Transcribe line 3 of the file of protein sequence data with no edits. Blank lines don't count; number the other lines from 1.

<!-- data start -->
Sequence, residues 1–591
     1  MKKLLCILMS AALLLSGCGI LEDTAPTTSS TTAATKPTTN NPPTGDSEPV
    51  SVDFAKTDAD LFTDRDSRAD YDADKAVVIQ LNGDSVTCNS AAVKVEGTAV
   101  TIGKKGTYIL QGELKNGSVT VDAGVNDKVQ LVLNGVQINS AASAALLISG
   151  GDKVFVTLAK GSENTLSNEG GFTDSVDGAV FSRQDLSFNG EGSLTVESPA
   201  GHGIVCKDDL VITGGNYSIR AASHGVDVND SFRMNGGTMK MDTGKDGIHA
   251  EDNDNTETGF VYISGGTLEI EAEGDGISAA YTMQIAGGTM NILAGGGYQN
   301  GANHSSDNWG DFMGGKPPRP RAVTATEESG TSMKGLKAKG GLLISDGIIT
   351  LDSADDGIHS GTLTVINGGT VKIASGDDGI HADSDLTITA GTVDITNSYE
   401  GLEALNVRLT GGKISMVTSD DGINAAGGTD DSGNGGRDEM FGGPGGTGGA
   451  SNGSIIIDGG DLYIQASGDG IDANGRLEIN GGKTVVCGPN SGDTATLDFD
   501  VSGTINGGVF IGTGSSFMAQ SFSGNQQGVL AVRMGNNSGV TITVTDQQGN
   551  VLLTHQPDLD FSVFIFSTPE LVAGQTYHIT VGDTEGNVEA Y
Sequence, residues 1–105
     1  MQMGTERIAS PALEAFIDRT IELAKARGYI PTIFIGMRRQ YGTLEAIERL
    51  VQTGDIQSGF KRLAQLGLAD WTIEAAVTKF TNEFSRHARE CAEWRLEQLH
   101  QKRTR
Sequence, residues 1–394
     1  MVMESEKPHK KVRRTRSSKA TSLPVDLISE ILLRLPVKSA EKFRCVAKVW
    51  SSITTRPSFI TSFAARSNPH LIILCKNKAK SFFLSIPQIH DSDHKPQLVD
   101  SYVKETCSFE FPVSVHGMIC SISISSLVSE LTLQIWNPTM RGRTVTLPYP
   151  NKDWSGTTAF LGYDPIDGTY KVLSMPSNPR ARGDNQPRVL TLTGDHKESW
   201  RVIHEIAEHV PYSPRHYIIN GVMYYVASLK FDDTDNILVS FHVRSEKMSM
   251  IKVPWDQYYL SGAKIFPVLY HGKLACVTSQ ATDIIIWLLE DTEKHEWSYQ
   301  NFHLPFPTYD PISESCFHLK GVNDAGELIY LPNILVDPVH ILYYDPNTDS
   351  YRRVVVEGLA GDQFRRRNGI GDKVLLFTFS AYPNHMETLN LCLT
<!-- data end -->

    51  SVDFAKTDAD LFTDRDSRAD YDADKAVVIQ LNGDSVTCNS AAVKVEGTAV